Peter Foster @pmdfoster Europe Editor of the Daily Telegraph. Formerly based in Washington DC, Beijing and New Delhi. Opinions my own. Feb. 14, 2019 2 min read

Northern Irish businesses are being left in the lurch by #Brexit - what does that mean? /1

@ninusinessinfo, @UlsterBusiness, @NIChamberofCommerce, @FBS_NI @RetailNI @CBI_NI @InvestNI @JPCampbellBiz @NIBusiness @RetailNI @julianoneill @boardroom_ni 

Just spent three days on the road talking to NI business - a haulier, an engineering firm, a concrete business, a ship fitters...

What does Westminster #Brexit impasse mean when denominated in real world currency? /2

It means that haulage company may decide to invest heavily in the Republic to continue to serve its customers - which means some of their 200 employees in the North are likely to lose their jobs. They will also pay more of their taxes in Dublin, not to the Exchequer in London./3

It means that an engineering firm I visited has delayed investment in a million pounds worth of new plant for their factory, and the purchase of new vans and forklifts because big infrastructure contracts in the UK are being put on hold./4

As a result, their concrete business is flat, so they are sitting on their cash as a precaution. That means someone else’s business didn’t make a sale; someone else’s wages are less likely to get paid, and the business over time becomes less competitive and efficient. /5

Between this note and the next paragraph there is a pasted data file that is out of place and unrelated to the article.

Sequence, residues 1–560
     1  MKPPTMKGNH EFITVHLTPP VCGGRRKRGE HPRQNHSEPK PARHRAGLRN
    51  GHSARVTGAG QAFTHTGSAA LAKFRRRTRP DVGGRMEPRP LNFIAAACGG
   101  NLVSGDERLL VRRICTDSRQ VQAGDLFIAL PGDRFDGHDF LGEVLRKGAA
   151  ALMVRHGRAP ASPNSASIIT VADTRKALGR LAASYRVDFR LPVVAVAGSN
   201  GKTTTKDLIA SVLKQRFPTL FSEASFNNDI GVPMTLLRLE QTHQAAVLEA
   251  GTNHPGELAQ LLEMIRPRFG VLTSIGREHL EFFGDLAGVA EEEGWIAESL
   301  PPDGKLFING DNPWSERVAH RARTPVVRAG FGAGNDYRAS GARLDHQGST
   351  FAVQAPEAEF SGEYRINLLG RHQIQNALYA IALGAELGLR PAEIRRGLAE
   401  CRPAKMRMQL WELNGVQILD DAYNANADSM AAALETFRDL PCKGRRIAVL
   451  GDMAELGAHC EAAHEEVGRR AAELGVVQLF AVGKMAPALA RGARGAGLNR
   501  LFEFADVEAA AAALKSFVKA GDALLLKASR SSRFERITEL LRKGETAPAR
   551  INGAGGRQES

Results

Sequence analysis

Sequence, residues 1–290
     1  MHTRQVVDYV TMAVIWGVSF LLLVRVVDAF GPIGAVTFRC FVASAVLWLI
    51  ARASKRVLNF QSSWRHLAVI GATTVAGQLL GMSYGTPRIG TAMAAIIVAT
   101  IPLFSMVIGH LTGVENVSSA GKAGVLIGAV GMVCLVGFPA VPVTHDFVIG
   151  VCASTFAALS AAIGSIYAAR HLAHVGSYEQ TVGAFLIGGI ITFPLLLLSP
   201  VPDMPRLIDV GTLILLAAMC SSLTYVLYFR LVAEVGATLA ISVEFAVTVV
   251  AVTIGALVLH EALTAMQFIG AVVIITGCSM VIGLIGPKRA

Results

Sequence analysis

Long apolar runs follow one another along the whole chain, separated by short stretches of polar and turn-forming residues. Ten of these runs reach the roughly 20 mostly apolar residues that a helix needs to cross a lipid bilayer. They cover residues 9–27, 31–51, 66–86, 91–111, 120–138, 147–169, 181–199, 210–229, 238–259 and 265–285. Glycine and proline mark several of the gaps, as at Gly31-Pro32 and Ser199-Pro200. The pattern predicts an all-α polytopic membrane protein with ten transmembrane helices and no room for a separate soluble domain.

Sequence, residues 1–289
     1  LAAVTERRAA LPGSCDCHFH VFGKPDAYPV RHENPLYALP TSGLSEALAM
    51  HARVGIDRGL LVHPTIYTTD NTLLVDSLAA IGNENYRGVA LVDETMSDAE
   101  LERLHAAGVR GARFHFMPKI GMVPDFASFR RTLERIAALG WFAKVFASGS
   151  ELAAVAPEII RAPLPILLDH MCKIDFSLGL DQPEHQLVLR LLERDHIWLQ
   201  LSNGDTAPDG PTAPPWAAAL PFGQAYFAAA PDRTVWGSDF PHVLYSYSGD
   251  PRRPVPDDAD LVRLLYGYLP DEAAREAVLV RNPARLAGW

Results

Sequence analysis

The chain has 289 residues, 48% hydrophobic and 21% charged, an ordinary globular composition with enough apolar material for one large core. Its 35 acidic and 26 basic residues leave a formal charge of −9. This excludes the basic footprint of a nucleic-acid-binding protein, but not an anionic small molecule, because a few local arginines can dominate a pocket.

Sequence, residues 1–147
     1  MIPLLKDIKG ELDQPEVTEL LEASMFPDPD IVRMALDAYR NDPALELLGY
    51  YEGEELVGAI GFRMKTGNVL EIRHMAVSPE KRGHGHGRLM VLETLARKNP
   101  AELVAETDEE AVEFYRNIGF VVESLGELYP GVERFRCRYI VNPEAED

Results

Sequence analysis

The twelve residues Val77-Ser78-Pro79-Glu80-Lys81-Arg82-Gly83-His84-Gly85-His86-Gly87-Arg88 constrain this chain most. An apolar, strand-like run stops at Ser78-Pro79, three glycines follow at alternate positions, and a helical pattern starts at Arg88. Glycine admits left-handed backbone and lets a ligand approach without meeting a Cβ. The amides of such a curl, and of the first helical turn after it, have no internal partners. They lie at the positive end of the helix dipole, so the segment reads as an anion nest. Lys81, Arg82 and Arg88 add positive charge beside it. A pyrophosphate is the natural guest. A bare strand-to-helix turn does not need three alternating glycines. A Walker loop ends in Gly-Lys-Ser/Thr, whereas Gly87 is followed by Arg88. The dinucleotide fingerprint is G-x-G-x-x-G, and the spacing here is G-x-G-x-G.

It means a potentially painful decision for a company that fits out cruise liners and is looking to expand - but is torn between making a new £30m investment in Northern Ireland, where they currently employ 600 people, or shifting to Poland. /6

If NIreland gets the nod, that will create 400 jobs. If not, they will go to the EU where the company already recruits a lot of skilled carpenters and plumbers who - at NI wage rates - may not meet the definition of ‘skilled’ when post-Brexit immigration controls come in/7

They also know that when the new bathrooms and bars are flat-packed into containers for dispatch to the dry docks where ships are refitted, any delays at ports or with customs and permits will open the door to hungry EU competitors. It might be safer to relocate. /8

So for business owners it means stress - like the wind turbine gearbox refurbishment company that ships crews and their tools all over the EU to fix broken windmills, and still has no clue on what basis it will do this after Brexit. /9

The company already has clients getting jumpy about a ‘no deal’, and whether it’s worth the risk signing contracts that might harder to honour if a ‘no deal’ occurs. /10

But companies and owners are ultimately sanguine because the know they can usually shift and adapt, but it’s their employees - the welders, chippies and truck drivers - for whom they really fear. Often from families they’ve employed for a long time, often in a small community/11

So there was a vote. The world changes. The people voted for Brexit and Brexit needs to be delivered - that is accepted by most people, even here where the vote was to remain and Nationalists dune over an English/DUP brexit being imposed. /12

But a chaotic, disorderly Brexit where six weeks before B-Day the Prime Minister still can’t show a clear pathway to a deal? And now she wants to dice with a ‘no deal’ all the way to the March European Council, a week before exit day? That’s what really angers people. /13 ENDS

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